The USMNT celebrates Tim Weah’s goal during the group stage opener at the World Cup in Qatar. Image: Getty Images
It took USMNT fans some cognitive dissonance ahead of this World Cup to ignore the fact that they showed up with the most inexperienced roster possible. Only Deandre Yedlin has been on a World Cup squad before, and he’s barely close to the top 11. There’s also a manager who’s doing this for the first time, so he’ll be learning on the job too (although he won’t should). He’ll never be allowed to do the job again if he continues to bring in Jordan Morris in place of Gio Reyna, but we’ll get to that while I swing a mace over my head).
This means that they can look like anything in the blink of an eye. They can play a first half where they appear balanced, controlled and confident. what they did While Wales usually always give an opponent some room to find their rhythm because they only want to defend and then counter, the USA have found more gears in the engine than Wales probably wanted. They spent a lot of time groping the Welsh defense and moving the ball from side to side but they were able to get going as space opened up. Weston McKennie moved wide to the right to both support Sergino Dest and allow Tim Weah to run behind the defensive line (although he should have done so a little more). Christian Pulisic found openings in front of the full-back and behind the Welsh midfield. He bonded with Musah and Antonee Robinson and created small openings for all of them.
What USA did really well was hit straight at Gareth Bale and Daniel James up front and some midfielder from Wales. The ball flipped right back over USA to try again. Bale can’t really beat a defense with pace anymore, and while James can, so is he…how shall I put it? …talentless. The US didn’t have to worry about being beaten on the turn or by long balls as they cleaned up. And they did. Wales could only clear the ball and put it back up to defend.
And they expertly sucked Wales dry just enough to do this:
G/O Media may receive a commission
Sargent to Pulisic to Weah and take your pick. One wondered what the USA could have done if they had moved the ball faster more often, but having it under total control was hardly a bad thing. Sure they could have played more balls over the top to Weah or attempted quicker changes, but a 1-0 lead at half-time without a shot on target or even close, with Gareth Bale just a rumor, is all you do. d ask.
But then there are still 45 minutes.
In a vacuum, wanting to counterattack as Wales look for an equalizer is an excellent plan. But it’s an excellent plan for the last 10-15 minutes, not the whole half. And what USA lacks, which Musah or Adams or Reyna could one day become but aren’t now, is that midfielder who decides and enforces what pace is needed. In the second half, the USA needed the proverbial man to ‘put his foot on the ball’ and take the breath out as the Welsh pressure mounted. Someone who forces the rest of the team to play the ball around, be the outlet for the growing fear, and calm things down. Sure there were openings for counters, but you have to pick them when they’re obvious. The US was sometimes in a hurry to get on the counter when it wasn’t on sale. Just keep at it. The USA don’t have a midfielder at home who could do that service unless they can somehow age Michael Bradley or Maurice Edu by 10 years. That’s what happens when you bring a team full of kids to this tournament.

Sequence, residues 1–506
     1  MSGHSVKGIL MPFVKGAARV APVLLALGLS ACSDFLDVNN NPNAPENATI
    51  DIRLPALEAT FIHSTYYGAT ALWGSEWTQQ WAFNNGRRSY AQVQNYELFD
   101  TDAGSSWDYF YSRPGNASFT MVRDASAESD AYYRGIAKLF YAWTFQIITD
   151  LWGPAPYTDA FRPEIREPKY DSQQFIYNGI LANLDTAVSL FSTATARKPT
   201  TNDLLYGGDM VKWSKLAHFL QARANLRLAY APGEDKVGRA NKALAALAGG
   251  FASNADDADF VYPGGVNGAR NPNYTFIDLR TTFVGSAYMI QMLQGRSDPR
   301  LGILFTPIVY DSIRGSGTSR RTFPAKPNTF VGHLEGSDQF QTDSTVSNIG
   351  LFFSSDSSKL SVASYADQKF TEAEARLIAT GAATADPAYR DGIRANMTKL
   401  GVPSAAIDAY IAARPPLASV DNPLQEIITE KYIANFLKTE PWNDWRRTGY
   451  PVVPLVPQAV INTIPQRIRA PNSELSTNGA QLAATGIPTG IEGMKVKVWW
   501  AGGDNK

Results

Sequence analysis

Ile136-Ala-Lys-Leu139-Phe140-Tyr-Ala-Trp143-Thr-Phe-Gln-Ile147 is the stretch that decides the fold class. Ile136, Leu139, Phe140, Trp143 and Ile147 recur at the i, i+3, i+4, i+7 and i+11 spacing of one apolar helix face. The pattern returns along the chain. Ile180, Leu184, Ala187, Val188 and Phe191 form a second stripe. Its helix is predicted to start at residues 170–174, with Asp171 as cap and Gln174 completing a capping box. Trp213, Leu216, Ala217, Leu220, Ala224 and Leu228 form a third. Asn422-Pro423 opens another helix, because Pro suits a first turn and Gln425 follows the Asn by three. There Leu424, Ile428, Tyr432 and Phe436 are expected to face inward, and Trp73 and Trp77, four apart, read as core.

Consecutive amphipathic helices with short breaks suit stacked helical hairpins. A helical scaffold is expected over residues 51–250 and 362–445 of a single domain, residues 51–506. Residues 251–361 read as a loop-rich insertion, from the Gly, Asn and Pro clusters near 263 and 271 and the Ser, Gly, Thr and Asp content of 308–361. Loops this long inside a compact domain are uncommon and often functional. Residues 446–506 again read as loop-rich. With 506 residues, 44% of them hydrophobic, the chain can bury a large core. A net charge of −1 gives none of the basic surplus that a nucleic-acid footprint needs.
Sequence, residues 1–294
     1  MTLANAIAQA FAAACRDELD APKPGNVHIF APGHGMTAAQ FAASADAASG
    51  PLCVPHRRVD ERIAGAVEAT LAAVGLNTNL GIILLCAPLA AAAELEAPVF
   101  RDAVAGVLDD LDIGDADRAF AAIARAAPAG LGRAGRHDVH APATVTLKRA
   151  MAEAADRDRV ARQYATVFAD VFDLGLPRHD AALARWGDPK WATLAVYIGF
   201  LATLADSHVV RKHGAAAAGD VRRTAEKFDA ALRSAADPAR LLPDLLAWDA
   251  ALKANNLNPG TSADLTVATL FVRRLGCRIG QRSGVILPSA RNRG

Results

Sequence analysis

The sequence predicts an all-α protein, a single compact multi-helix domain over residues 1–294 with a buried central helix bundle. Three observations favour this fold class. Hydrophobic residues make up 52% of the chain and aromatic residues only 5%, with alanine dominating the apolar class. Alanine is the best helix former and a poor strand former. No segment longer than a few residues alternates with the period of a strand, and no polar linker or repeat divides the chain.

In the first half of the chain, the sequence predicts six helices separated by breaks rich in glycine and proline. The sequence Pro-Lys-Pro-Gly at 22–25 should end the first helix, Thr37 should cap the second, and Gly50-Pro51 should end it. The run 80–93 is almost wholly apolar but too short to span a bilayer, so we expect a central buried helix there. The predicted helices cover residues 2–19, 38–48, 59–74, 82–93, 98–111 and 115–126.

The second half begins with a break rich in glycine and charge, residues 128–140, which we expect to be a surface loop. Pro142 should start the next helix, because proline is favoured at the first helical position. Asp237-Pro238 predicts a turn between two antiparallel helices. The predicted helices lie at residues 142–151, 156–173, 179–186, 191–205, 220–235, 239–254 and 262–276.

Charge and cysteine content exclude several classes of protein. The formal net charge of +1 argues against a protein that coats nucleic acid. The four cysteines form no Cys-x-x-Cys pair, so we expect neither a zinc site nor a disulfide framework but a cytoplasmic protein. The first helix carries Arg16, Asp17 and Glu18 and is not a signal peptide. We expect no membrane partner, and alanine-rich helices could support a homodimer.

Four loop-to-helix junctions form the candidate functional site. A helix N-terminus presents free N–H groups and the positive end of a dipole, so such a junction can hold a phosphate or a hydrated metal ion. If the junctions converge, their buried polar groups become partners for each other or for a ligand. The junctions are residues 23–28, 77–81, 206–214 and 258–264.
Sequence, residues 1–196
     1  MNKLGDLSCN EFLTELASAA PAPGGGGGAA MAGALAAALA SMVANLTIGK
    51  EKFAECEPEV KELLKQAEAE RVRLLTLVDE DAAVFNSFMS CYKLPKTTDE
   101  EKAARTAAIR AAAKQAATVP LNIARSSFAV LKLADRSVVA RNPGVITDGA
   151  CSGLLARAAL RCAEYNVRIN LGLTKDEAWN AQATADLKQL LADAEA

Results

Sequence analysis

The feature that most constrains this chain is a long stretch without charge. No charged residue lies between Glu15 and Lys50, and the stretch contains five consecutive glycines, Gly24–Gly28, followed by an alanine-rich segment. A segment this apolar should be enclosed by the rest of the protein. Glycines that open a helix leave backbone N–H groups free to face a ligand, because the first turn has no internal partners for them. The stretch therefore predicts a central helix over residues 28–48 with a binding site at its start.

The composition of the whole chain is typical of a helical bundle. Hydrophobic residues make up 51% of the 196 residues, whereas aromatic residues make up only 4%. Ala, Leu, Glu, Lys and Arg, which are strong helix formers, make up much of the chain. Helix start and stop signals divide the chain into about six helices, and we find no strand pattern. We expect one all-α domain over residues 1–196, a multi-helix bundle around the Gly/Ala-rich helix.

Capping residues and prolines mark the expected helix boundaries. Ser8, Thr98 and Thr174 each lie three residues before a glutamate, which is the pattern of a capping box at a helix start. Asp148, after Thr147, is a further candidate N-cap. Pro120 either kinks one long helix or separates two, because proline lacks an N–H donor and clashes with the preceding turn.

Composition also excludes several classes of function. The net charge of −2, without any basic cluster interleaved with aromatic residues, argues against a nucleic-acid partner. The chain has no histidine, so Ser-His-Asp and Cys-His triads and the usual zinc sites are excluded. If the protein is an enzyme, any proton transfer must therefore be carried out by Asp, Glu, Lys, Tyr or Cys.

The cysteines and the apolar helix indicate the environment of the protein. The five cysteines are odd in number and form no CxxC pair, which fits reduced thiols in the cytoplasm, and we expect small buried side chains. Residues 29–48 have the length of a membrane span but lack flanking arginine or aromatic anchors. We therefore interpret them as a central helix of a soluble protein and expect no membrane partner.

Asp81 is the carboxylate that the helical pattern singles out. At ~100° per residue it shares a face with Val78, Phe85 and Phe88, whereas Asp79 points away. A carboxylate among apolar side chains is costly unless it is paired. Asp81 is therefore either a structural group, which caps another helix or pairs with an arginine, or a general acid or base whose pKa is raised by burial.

That doesn’t mean there weren’t any windows, and USA just picked the wrong pass too many times or missed the right one just enough not to finish the game. At this level, there’s no such thing as an unlimited supply of good looks in the break you’re getting. You have to make the right decision whether to cross over the six-yard box or go for the pullback. You need to connect. It only takes one to complete a match like this, but a team must make this one from a limited supply.
All in all, the US still had Wales basically at arm’s length. Despite having plenty of possession, the Dragons only created two chances from the same corner, with Matt Turner brilliantly saving from Ben Davies and the ensuing corner being headed by Kieffer Moore as Turner also opted for what appeared to be a foray into goalkeeping so far in the tournament be contagious. That was in the 64th minute. Wales didn’t have another chance…until…
There is no reason for Walker Zimmerman to take on this challenge. Bale has his back to goal and is reserved. But this is Zimmerman’s biggest game of his life, on a stage he’s never seen before. The chemistry is there to do something rash, and voila. It’s hard to get mad at him for that because that’s how players learn, but this is the most frustrating time to learn a lesson. The US also fell asleep at the throw-in, which is what an inexperienced, tiring team does.
Yes, USA should have played more against Wales in the second half. They dropped their lines and the Welsh midfield had more time to pass balls to Moore, where they had a tug in the ass every time they made their first touch in the first half. Moore could then be a focal point to get Wales on the field and attack. Has the US run out of energy? Young players tend to be full of nervous energy, which is the most tiring. There’s no other reason why this team should be out of gas after an hour.
What now? It feels like this group will boil down to how badly either Wales or the USA or both can beat Iran on goal difference. It’s hard to imagine how USA can put England under pressure for 90 minutes after letting a rather limited Welsh side grow quite big in just 45 minutes. England will leave more room for counterattacks, but you still have to defend first. England has so many guns from so many angles.
It’s barely over. It’s just going to be a winding road. But the USMNT has never known it any other way.